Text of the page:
Voters across Kyrgyzstan go to the polls today in parliamentary elections that most news reports indicate will be easily won by Ak Zhol, the party created only months ago by President Kurmanbek Bakiyev. Opposition parties, including Ata Meken, have claimed in recent days that authorities have ransacked their offices, beaten supporters, destroyed campaign materials, and denied their access to free public broadcasting and even paid commercial airtime.
The snap election was established last October by a constitutional referendum that was widely criticized as being rife with fraud and other irregularities. There has been some domestic debate about who will benefit most from the constitutional changes, but outside this Central Asian nation of five million persons the election results were almost universally viewed seen as consolidating the power of the presidency at the expense of the 90-member, single-chamber parliament.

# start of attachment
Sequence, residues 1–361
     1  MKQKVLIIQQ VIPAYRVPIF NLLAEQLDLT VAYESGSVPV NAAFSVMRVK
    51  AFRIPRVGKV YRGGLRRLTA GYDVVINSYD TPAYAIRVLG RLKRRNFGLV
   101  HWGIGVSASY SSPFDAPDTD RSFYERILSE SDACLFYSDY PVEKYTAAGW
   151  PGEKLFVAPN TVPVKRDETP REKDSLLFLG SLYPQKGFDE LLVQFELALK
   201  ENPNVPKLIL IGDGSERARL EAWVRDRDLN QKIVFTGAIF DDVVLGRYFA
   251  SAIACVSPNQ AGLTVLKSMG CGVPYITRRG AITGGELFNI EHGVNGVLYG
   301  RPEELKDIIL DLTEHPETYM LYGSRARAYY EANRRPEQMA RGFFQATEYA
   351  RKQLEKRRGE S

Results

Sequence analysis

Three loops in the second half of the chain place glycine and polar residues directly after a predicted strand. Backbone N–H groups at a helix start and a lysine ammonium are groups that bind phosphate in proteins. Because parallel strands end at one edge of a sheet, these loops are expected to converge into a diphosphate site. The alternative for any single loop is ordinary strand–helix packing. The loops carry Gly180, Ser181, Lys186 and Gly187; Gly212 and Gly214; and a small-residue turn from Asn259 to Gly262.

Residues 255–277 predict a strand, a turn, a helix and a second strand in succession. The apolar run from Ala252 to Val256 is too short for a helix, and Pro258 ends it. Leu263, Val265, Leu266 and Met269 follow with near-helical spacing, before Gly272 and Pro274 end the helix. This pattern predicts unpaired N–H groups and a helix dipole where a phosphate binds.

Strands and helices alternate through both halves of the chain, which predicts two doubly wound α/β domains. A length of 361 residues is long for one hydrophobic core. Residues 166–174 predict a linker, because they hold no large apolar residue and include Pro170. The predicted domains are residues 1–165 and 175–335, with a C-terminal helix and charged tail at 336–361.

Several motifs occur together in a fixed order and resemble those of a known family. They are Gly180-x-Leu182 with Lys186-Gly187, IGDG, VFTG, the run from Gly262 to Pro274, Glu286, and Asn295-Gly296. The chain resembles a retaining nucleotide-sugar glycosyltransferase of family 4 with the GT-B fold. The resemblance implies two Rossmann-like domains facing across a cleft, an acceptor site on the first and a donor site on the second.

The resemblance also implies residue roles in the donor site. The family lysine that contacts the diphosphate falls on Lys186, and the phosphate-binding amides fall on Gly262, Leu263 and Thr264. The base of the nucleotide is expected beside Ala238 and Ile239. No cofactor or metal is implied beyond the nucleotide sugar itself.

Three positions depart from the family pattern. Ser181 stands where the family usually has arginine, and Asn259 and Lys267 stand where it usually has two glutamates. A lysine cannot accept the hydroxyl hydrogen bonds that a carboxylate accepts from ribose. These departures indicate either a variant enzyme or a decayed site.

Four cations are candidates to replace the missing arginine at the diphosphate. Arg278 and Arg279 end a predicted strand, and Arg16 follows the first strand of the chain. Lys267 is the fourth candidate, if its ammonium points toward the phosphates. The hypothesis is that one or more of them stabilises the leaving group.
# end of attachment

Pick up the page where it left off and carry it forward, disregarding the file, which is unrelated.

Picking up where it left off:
This mountainous republic that borders China has been in political turmoil since the so-called Tulip Revolution removed former President Askar Akayev in March 2005.